Spain may have become a new symbol of the clash between the jihadis’ version of Islam and the “Jews and Crusaders”. But as far as global jihad is concerned, it doesn’t matter whether a European democracy like Spain is governed by conservatives or socialists. Al-Qaeda is an apocalyptic sect betting on the clash of civilizations: Islamic jihadis against “Jews and Crusaders”. It is the same with the Bush administration spinning a “war on terror”: James Woolsey, a former Central Intelligence Agency head, believes this is the Fourth World War and conservative guru Samuel Huntington bets on, what else, a “clash of civilizations”.
Al-Qaeda’s biggest problem is that it has no legitimacy in the Middle East as far as the key issues, Palestine and Iraq, are concerned. Osama bin Laden and Ayman al-Zawahiri, al-Qaeda’s No 2, were never interested in the Palestinian struggle. In Roy’s formula, “Al-Qaeda represents the globalization of Islam, not of the Middle Eastern conflicts.”
The Osama factor
Al-Qaeda is a nebula in total dispersion, locally and globally. Take Osama’s audio-video productions: they are always delivered to the world via Islamabad, but the distribution chain is so fragmented that no one can go back to the source. Tribal chiefs protect bin Laden all over the Pakistan-Afghan border for two reasons: because he is a Muslim and because he fought in the anti-Soviet jihad in the 1980s. This has nothing to do with September 11 – which for tribal leaders is something akin to a trip to the moon – and it goes beyond the US$25 million bounty on bin Laden’s head. Most Afghans don’t like Arabs and blame them for every disaster in the last 25 years. But every tomb of an Arab killed by an American bomb in 2001 is honored like a holy place.
The experts in Brussels consider that the possible capture of Osama in the upcoming spring offensive may not change anything, because in the current global jihad modus operandi the “base” retains all the initiative.
Roy insists military muscle simply does not work: “We are able to fight al-Qaeda with police operations, intelligence and justice. On a political level, one must make sure that they don’t have a social base: already they don’t have a political wing, sympathizers, intellectuals, newspapers or unions. They must be isolated. There’s only one way for this to happen: full integration of Muslims,” That’s the exact opposite of the stigma privileged by conservative governments and racist, xenophobic parties.
According to the experts in the Brussels anti-terrorist cell, proving al-Qaeda’s responsibility in the Madrid bombings will lead to three important conclusions:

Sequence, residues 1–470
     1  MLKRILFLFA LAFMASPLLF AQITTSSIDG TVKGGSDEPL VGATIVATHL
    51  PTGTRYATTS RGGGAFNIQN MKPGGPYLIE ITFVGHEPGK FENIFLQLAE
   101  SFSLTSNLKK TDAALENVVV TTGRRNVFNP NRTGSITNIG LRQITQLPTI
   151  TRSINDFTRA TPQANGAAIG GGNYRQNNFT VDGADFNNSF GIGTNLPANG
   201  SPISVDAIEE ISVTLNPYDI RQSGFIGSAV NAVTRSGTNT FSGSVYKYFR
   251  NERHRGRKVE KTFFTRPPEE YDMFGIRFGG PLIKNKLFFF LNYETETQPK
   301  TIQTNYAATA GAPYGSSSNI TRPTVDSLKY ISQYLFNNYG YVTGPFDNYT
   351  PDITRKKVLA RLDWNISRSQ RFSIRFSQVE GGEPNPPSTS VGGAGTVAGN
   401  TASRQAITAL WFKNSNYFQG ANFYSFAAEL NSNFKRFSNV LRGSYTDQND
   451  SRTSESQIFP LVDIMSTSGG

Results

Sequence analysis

1. Al-Qaeda is back in the spectacular attack business, even if the attack is perpetrated by affiliates.
2. Cells remain very much active around Europe, and the West as a whole remains a key target.
3. Global jihad has achieved one of its key objectives, which is to strike against one of Washington’s allies in Iraq.
The repercussions of all these conclusions are of course immense – from Washington to all major European capitals and spilling to the arc from the Middle East to Central and South Asia.
Brussels also alerts that this happens independently of other al-Qaeda objectives which remain very much in place: the departure of all American soldiers from Saudi soil; the fall of the House of Saud; and the expulsion of Jews from the Middle East. Al-Qaeda’s ultimate objective is a caliphate. As far as the absolute majority of Muslims in the world are concerned, the global jihad’s most seductive appeal undoubtedly remains its struggle to end the American imperial control of Islamic lands.
Romano Prodi, head of the European Commission, says that force is not working against terrorism: “Terrorism now is more powerful than before.” Most European politicians and intellectuals – apart from Blair, Berlusconi, Aznar and their friends – consider that the Bush administration’s response to asymmetric warfare has only served to increase the threat. It’s a classic reductio ad absurdum. Increasingly lethal American military muscle deployed all over the Islamic world has led to more lethal terrorist attacks, in the Islamic world and also in the West. More muscled defense of hard targets, or strategic targets, has led to more indiscriminate attacks on so-called soft targets (like the Madrid trains). Madrid is a tragic mirror of Baghdad and Karbala: more than 200 innocent workers and students died in Madrid, more than 200 innocent pilgrims died in Iraq.
Not only in Brussels or the European Parliament in Strasbourg is there practically a consensus that the beginning of a solution for the terrorism problem is the end of both the Israeli occupation of Palestine and the American occupation of Iraq. Madrid once again proved that terrorism practices the ultimate in nihilist politics. There’s no possible diplomacy. No possible negotiation. It does not bend when attacked by military power. It has no territory and no population to defend, and no military or civil installations to protect. Al-Qaeda is not a Joint Chiefs of Staff: it is an idea. It commands faithful servants, not soldiers. It has nothing to do with war – as the Bush administration insists – and much less with a war on Iraq. One of the reasons invoked for the war on Iraq – the link between Saddam and al-Qaeda – was turned upside down: more al-Qaeda infiltration in the West is a consequence of the war, not less.
In the corridors of Brussels, and in the streets of Madrid, Barcelona, Rome, Milan, London and Paris, Europe was given a rude awakening. All the evidence now screams that reshaping the Middle East from a base in occupied Iraq is not leading to less terrorism: it is leading to hyperterrorism.